Whacking the Monk

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My friends in the Hammer of Thor Kindred here in California have been organizing really good Heathen gatherings twice a year for well over ten years now. These are important events in my calendar, not to be overlooked. They are campout weekends, where you can meet and get to know other Heathens in excellent outdoor settings. In September, it is called Aegir's Feast; in April, it is Ostara. Yes, I know: Ostara should be in March, but attempts to hold Ostara in that month resulted in campouts remembered as Mudgard I, Mudgard II, Mudgard III, etc. Campouts work so much better after the rains have stopped, and Our Springtime Lady seems not to mind being put off for a month.

On the schedule at Aegir's Feast are several blóts, some classes on mythology and Heathen philosophy, and the Viking Games, a light-hearted decathlon of proud barbarianism. Events in the Games include spear and ax throwing, a little archery, impromptu rune poem composition, questions on obscure points of lore, and a few other odd things.

For each participant, the end of several minutes of increasingly breathless charging around the campground is marked by the event known as Whack the Monk. The "monk" is a head of lettuce impaled on a short pole. The timekeeper turns off the clock when you obliterate the lettuce with whatever weapon you have been carrying around the course. Some folks like swords, but I prefer to use my hall hammer, a small sledge that makes a satisfying splat.

After returning home from one of these weekends, I told a friend about the Viking Games, from the rune poem on through Whack the Monk. She was not pleased, and I received quite a lecture on religious intolerance.

The "monk" in this case represents the monks of Lindisfarne Abbey in northeast England, the sacking of which in 793 is the historian's usual marker for the beginning of the Viking Age. I've read several histories that suppose a completely opportunistic motivation for this event: the Abbey was poorly guarded and loaded with loot. A boatload of big guys with swords hear about this. They smile and ask each other "Why not?" Possible religious motivations are not mentioned, especially since Christianity had been a known minority religion in Scandinavia for a long time, and its existence there doesn't seem to have been a real problem to anyone until the Church started getting pushy.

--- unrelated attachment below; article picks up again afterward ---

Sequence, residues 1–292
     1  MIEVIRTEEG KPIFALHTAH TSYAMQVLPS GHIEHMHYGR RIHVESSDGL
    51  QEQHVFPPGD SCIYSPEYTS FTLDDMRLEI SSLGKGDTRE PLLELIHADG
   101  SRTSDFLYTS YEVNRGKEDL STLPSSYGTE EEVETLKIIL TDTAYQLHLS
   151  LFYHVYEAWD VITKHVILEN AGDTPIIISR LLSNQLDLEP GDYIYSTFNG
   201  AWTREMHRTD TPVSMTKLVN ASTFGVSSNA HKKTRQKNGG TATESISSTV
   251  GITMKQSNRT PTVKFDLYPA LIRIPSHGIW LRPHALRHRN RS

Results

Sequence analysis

More recently, however, a different explanation has been proposed, or at least suggested, for the Lindisfarne attack and at least some of what followed. Look at a timeline of European history around 793 and you'll see something else noteworthy nearby. In 782, Charlemagne executed about 4500 Saxon Heathen prisoners of war who refused to accept Christianity. That's more people than were killed in Pearl Harbor. It's more people than were killed in 9/11. And this killing didn't happen in battle: it was carried out deliberately and methodically, assembly-line style. It was but one event in a long religious war waged by "Charles the Great" against Heathens in Germany.

It is often said that history is written by the winners. I'm not sure that's always true: it looks to me like a lot of it is written by real losers these days. But it is necessarily true that history is written by those who write. Our Viking forebears didn't do much of that, except for the occasional runestone or wooden shipping tag. You've probably read "From the wrath of the Northmen, save us, O God." That was written by a monk. What did the guys coming up the beach have to say about it? Did this involve any vengeance for Charlemagne's religious war? We don't know, because they didn't tell us. Did they know about Charlemagne's religious war nearby to the south? Count on it.

Is it useful to carry a grudge for 1200 years? I know I just shake my head when I hear about what drives the ancient hatreds in the Balkans and wonder when they're going to get over it, but then I don't live there. Is it reasonable to ask the Islamic world to "get over" the Crusades? Whatever one may think of Islam, probably not. Nor should anyone forget the history of Jihad, which is just crusading by another name. Here in the U.S., many or even most of us now openly admire the Comanche, the Apache, the Lakota, and all the other tribes who didn't take the theft of their lands and lifeways and lives lying down, which resistance now seems downright American. And can we ask the Jews to stop remembering Egypt? Or Germany? Ever?

There is something here to let go of if we intend to get along with each other. And, if we intend to get along with each other, there is something else to never forget.

8/25/2011 4:00:00 AM
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  • Steven Abell
    About Steven Abell
    Steven Thor Abell is a storyteller and the author of Days in Midgard: A Thousand Years On, a collection of original modern stories based on Heathen myths. As of 2013, he is also Steersman of the High Rede of The Troth.